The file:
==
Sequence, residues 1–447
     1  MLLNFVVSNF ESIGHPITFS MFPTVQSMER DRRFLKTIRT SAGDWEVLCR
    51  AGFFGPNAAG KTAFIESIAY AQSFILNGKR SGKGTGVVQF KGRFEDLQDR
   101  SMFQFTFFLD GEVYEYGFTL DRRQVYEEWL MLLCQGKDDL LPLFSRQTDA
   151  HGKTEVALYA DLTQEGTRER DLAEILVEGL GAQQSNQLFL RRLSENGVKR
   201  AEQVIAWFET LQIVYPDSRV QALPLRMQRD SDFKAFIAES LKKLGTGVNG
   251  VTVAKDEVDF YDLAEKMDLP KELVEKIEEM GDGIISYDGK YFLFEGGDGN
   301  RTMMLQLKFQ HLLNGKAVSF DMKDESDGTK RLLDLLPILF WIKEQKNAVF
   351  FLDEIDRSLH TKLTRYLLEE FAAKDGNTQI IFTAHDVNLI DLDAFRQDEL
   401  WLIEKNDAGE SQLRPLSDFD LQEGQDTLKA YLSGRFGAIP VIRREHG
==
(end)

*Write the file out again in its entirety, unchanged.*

Sequence, residues 1–447
     1  MLLNFVVSNF ESIGHPITFS MFPTVQSMER DRRFLKTIRT SAGDWEVLCR
    51  AGFFGPNAAG KTAFIESIAY AQSFILNGKR SGKGTGVVQF KGRFEDLQDR
   101  SMFQFTFFLD GEVYEYGFTL DRRQVYEEWL MLLCQGKDDL LPLFSRQTDA
   151  HGKTEVALYA DLTQEGTRER DLAEILVEGL GAQQSNQLFL RRLSENGVKR
   201  AEQVIAWFET LQIVYPDSRV QALPLRMQRD SDFKAFIAES LKKLGTGVNG
   251  VTVAKDEVDF YDLAEKMDLP KELVEKIEEM GDGIISYDGK YFLFEGGDGN
   301  RTMMLQLKFQ HLLNGKAVSF DMKDESDGTK RLLDLLPILF WIKEQKNAVF
   351  FLDEIDRSLH TKLTRYLLEE FAAKDGNTQI IFTAHDVNLI DLDAFRQDEL
   401  WLIEKNDAGE SQLRPLSDFD LQEGQDTLKA YLSGRFGAIP VIRREHG